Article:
Filming Monsieur Verdoux
Charles Chaplin, without modesty, described Monsieur Verdoux as “the cleverest and most brilliant film of my career”.
He was from time to time to qualify this opinion; but Verdoux was certainly the blackest of his comedies - the story of a serial killer who ends up beheaded on the guillotine. As he had always said, comedy is never very far from tragedy and horror. “Under the proper circumstances,” he wrote, “murder can be comic”.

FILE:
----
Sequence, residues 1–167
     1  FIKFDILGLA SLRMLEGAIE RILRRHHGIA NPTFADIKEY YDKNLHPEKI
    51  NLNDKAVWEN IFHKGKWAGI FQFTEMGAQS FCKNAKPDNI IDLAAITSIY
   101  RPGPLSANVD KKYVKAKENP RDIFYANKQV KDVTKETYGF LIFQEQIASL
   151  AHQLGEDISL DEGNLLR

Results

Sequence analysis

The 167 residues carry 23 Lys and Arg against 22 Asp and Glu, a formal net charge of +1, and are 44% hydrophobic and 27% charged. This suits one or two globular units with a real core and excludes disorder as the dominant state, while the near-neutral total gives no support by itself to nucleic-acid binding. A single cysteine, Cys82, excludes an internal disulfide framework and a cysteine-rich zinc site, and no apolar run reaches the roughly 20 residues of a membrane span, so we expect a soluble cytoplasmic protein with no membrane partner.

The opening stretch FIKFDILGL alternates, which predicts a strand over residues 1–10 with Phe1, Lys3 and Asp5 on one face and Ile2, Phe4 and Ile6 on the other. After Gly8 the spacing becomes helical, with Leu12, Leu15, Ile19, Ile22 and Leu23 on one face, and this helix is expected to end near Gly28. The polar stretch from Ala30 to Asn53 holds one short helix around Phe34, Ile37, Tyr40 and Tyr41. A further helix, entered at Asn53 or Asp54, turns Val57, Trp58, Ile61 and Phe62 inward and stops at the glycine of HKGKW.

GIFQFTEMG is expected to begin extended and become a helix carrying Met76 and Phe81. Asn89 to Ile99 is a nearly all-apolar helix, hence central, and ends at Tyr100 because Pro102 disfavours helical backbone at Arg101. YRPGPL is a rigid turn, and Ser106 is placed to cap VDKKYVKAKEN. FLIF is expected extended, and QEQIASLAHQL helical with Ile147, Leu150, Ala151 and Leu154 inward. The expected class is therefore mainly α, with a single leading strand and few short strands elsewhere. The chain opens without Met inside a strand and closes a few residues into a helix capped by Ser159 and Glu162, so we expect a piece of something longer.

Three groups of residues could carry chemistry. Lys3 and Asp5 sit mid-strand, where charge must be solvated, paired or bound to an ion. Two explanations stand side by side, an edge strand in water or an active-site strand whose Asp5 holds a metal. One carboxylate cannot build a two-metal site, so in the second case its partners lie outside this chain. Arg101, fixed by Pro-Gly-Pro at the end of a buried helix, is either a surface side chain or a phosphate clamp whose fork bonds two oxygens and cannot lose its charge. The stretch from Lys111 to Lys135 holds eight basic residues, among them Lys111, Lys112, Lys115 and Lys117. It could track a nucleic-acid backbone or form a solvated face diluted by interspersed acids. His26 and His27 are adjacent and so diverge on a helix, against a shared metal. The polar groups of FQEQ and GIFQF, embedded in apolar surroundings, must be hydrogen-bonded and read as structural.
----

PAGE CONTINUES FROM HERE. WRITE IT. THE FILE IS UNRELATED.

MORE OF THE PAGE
The idea was originally suggested by Orson Welles, as a project for a dramatised documentary on the career of the legendary French murder Henri Désiré Landru - who was executed in 1922, having murdered at least ten women, two dogs and one boy. Chaplin was so intrigued by the idea that he paid Welles $5000 for it, with the agreement that the film would carry the credit “Based on an idea by Orson Welles”. In later years Welles claimed that he had himself written a script for the film, but this is unlikely - certainly the written agreement between Chaplin and Welles makes no mention of it.